General News of Friday, 1 December 2017
President Akufo-Addo has been very busy in the last few days as he opens his doors to foreign dignitaries, mostly European leaders, who have been visiting the country to deepen bilateral relations.
The president is currently hosting three European leaders, including French President Emmanuel Macron and the Prime Minister of the Netherlands, Mark Rutte. Also in the country is the Estonian President, Khersty Kaljulaid.
The Italian Prime Minister, Paolo Gentiloni, had earlier visited the country and had bilateral talks with President Akufo-Addo.
Last week, Danish Queen Margrethe II was also in the country for a 5-day official visit.
President Akufo-Addo and his French counterpart yesterday joined the ranks of world leaders who have spoken against the human rights abuses being perpetrated in Libya.
Nationals of various African countries have been subjected to inhumane treatment in the Northern African country in what has been described variously as the emergence of modern-day slave trade.
In some of the videos that have gone viral, Africans are seen being subjected to various forms of torture, including maiming.
This has attracted condemnation from across the globe.
Speaking at a press briefing at the Flagstaff House, President Akufo-Addo described what is happening in Libya as barbaric and savagery.
He pointed out, “The source of all the destabilization that is taking place in the Sahelian region, the arms that are circulating in the Sahelian region, are all coming from the armoury that Colonel Qaddafi left in Libya before his downfall.”
For him, “Resolving the crisis in Libya is not just resolving it internally for the Libyan people; not only does it provide an opportunity to bring to an end these barbaric acts. These acts of savagery are taking place against Africans on Libyan soil, but it also provides an opportunity finally to come to grips with the crisis in the Sahelian region and therefore the coordination that the African countries want to undertake… for the stability of our region.”
Whether it is Boko Haram, the jihadist in Mali, the Ghanaian President said, “Those who are menacing the stability of Niger, of Chad, of Burkina Faso, there is a common link which is the terrorism emanating from Libya.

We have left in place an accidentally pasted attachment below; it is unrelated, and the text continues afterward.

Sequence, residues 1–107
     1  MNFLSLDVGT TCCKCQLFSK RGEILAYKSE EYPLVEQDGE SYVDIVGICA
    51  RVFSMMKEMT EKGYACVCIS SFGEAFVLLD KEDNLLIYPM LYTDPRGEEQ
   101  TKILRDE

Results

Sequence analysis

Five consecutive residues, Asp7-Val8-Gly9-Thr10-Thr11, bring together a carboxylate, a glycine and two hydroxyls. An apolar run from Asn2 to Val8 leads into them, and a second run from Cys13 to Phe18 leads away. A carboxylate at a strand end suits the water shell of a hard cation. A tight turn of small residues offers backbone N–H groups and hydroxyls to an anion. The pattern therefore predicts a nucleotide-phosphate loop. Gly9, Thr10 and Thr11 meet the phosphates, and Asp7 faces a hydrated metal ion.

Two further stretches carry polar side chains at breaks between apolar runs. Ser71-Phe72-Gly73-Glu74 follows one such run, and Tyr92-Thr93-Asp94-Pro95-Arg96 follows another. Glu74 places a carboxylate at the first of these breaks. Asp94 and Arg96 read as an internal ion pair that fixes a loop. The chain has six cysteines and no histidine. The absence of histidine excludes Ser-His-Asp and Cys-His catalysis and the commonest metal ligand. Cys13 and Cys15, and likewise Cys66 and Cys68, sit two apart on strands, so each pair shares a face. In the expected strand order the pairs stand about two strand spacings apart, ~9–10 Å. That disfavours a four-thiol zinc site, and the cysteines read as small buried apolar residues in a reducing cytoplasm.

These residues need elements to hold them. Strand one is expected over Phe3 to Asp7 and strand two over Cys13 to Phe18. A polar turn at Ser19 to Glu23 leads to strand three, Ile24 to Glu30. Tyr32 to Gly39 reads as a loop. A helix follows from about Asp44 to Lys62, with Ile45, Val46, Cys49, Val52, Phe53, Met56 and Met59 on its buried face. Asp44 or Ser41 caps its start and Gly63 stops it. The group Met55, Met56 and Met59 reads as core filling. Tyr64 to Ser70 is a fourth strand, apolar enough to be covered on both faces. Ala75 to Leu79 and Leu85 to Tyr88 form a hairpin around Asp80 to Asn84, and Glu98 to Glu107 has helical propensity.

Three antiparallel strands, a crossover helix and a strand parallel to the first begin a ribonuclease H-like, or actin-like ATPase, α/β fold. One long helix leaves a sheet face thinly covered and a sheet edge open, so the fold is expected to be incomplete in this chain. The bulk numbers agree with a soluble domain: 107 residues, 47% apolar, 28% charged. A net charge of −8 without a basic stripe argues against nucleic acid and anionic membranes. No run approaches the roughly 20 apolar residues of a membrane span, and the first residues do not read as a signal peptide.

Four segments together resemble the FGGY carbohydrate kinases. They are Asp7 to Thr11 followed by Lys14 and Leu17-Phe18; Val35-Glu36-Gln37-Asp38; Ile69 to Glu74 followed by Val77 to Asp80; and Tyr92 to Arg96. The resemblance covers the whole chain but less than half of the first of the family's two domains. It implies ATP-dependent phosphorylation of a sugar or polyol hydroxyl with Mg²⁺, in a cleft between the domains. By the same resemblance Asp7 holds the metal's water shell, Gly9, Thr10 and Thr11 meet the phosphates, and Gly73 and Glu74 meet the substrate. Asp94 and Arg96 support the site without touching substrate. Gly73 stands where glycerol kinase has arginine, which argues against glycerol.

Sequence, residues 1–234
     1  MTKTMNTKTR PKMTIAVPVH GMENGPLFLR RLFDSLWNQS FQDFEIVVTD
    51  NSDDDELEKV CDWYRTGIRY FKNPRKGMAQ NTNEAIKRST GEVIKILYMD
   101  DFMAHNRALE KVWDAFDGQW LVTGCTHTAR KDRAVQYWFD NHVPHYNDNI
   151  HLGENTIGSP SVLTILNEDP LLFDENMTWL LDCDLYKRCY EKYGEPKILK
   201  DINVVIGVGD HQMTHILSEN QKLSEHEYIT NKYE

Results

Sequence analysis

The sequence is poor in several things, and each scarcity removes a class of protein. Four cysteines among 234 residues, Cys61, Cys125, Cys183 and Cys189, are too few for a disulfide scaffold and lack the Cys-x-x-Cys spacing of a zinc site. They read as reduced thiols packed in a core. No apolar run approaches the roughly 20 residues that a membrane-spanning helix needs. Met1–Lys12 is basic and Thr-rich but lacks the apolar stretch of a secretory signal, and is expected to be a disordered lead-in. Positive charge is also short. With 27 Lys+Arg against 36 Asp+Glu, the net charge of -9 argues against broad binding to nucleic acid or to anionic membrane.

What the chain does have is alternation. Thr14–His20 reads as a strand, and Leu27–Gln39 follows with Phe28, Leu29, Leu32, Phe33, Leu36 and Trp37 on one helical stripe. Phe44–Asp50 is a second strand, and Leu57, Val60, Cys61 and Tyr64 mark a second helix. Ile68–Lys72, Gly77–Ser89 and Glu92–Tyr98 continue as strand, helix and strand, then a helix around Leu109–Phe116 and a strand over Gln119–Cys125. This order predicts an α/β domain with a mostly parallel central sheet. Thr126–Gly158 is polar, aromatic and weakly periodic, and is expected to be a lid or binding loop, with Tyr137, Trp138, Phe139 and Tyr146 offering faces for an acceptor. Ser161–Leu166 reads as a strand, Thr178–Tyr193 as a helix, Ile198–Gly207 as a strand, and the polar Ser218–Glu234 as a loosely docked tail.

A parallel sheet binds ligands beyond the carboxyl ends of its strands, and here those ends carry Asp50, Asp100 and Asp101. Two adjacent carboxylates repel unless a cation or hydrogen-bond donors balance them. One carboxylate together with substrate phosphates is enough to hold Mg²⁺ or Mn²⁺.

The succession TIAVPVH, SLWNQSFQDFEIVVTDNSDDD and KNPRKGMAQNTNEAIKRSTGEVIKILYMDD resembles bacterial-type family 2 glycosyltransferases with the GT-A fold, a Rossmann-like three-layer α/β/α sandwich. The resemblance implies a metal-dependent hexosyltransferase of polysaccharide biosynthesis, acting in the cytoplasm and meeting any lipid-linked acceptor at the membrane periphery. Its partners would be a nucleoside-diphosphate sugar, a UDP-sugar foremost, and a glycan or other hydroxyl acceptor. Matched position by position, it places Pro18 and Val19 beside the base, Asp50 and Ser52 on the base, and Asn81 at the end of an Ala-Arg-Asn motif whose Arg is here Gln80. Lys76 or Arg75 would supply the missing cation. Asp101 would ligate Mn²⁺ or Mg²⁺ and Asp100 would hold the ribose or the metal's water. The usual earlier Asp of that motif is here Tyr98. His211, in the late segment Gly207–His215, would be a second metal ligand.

According to President Akufo-Addo, “If we don’t come to grips with the situation in Libya, it’s going to become difficult to come to grips with what I consider to be ancillary, subsidiary matters that are taking place in the Sahelian region.
“So the decisions that now have to be made at the continental level by the African Union (AU), whether it is in the position to mount direct military intervention, how it sees the issues of security and stability in Libya are some of the most important decisions that the AU is going to be taking in the weeks and months ahead of us.”
He described relations between Ghana and France as strong whilst stressing the need to deepen it further.
“It’s important that countries like ours, both strong democracies, a culture and tradition of respecting human rights, the rule of law and the principles of democratic accountability, we find occasions such as this to meet, share views, discuss matters of common interest, mutual concern, so that as much as possible, we can concert…both at the regional and continental and then the global level,” he entreated.
President Akufo-Addo related that “President Macron has been extremely outspoken on the need for collective action to defeat terrorism in our time. I’m particularly happy that a man of such resolve, such determination and such friendship for the peoples of West Africa and the Ghanaian people, should find his way here today.”
To that end, he said, “Both of us are committed to improving and developing more deeply economic exchanges between French and Ghanaian enterprises, opening the opportunities for investments in our two countries to our two business communities and taking advantage of the various comparative advantages that we have.”